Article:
A giant in the world of jazz has gone on down the Good King’s Highway. Zuza Homem de Mello (original name: José Eduardo Homem de Mello), was born in Sao Paulo, Brazil in 1933. He was justifiably the most respected Brazilian journalist and musicologist who specialized in Brazilian Music and Jazz. He was a man of uncommon spirit and grace, of soul and of engagement with human possibilities through the art of music. Zuza’s curiosity, his scholarship and his collegiality transcended all boundaries. He was excellence itself.
In his teenage years, he played the bass in music clubs all over Sao Paulo. In 1957, he moved to the United States to study with the great Ray Brown at the School of Jazz in Tanglewood and he also studied Musicology at the Juilliard School.
Coming back to Brazil in 1959, he joined one of the most famous TV networks (TV Record) to work as a sound engineer and went on to book international artists for the most important music festivals in Brazil.
After ten years of working at TV Record, Zuza devoted the remainder of his career to developing radio and TV programs, and to writing bestselling books that provided high quality and detailed information about Brazilian Music to all audiences.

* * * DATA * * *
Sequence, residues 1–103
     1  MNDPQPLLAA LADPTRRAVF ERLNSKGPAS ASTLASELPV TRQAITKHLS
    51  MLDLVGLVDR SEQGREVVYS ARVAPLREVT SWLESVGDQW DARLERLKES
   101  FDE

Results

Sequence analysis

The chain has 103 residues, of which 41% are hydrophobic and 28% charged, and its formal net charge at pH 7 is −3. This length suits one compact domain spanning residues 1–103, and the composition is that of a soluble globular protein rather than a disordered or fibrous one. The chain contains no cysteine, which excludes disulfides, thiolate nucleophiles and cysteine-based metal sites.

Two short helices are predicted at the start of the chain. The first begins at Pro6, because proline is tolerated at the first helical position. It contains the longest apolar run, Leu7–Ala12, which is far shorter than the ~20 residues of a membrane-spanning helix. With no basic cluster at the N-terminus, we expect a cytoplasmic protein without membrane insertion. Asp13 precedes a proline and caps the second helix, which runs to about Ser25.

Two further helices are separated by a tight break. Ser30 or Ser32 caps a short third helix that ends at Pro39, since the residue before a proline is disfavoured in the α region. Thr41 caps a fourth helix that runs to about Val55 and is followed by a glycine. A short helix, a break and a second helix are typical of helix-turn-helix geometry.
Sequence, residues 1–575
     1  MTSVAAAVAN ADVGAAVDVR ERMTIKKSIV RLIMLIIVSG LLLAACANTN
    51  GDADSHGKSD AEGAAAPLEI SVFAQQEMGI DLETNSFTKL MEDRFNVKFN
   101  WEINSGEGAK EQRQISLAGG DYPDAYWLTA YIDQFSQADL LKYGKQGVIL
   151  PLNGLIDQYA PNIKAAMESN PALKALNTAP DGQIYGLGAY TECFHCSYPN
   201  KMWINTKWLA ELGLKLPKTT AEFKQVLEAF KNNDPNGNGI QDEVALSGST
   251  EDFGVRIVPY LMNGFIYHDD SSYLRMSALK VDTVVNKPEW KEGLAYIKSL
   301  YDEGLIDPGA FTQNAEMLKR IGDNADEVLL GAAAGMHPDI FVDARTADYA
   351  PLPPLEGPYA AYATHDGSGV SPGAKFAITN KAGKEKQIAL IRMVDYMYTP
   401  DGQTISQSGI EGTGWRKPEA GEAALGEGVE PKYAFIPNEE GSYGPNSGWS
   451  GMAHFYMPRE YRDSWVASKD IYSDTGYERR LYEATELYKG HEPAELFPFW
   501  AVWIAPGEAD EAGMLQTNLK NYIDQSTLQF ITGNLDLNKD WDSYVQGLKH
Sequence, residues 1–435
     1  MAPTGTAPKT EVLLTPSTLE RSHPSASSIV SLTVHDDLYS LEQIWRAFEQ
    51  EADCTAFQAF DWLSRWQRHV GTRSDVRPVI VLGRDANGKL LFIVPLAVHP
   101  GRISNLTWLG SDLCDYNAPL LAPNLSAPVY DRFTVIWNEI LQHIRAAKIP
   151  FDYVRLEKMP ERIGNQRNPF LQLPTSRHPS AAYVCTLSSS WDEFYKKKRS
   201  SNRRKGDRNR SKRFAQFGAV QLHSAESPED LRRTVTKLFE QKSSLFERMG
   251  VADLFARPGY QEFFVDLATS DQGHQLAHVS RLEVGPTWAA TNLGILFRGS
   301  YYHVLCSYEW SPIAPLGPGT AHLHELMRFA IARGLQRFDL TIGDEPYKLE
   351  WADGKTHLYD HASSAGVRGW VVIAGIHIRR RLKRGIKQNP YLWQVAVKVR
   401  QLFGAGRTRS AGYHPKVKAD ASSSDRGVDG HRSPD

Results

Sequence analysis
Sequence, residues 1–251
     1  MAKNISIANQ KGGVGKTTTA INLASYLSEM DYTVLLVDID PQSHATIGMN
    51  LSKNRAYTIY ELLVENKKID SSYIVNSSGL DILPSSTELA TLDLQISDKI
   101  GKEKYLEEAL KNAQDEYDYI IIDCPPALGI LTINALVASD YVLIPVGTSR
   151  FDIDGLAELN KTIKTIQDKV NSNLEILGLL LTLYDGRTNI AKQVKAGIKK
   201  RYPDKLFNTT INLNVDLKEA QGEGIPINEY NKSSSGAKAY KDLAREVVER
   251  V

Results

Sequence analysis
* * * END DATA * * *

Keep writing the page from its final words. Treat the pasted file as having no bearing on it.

He produced and directed Brazilian music and Jazz festivals held in Sao Paulo in the late 70’s and 80’s where he worked with the most famous Brazilian musicians including Elis Regina, Joao Bosco, Milton Nascimento and Jacob do Bandolim, among many others. To know him was to love him. He was infectious enthusiasm with the fire of social consciousness. His work was imbued with cultural and musical understanding. It was ennobled by his tireless work to bring diverse people together through concerts, festivals and gatherings and to connect each person with a larger world through education.
Last year in September, Zuza came to New York for the premiere of his documentary “Zuza Homem de Jazz”. I was fortunate to greet him at a party with many of our great brothers and sisters. His presence illuminated the room and we were all so happy to be with him. In the documentary, he talks about the influence of Jazz on Brazilian music and of Brazilian music on Jazz. Before going to the premiere, he made sure to stop at our House of Swing to watch the JLCO rehearse. He brought his characteristic joy to this experience and we responded with a commensurate respect and elation.
A couple of weeks later, in Brazil, he launched a series of 50 podcasts devoted entirely to telling the history of Duke Ellington and his music, leveraging his vast collection of albums and research materials about Duke.
Zuza was a giant and we have suffered a great loss. As is the case with Stanley Crouch, don’t listen to people’s accounting of him – if you want to know him, read him. He was for real. Rest in Peace Brother Zuza. Proveta and I have to do something to show the proper respect.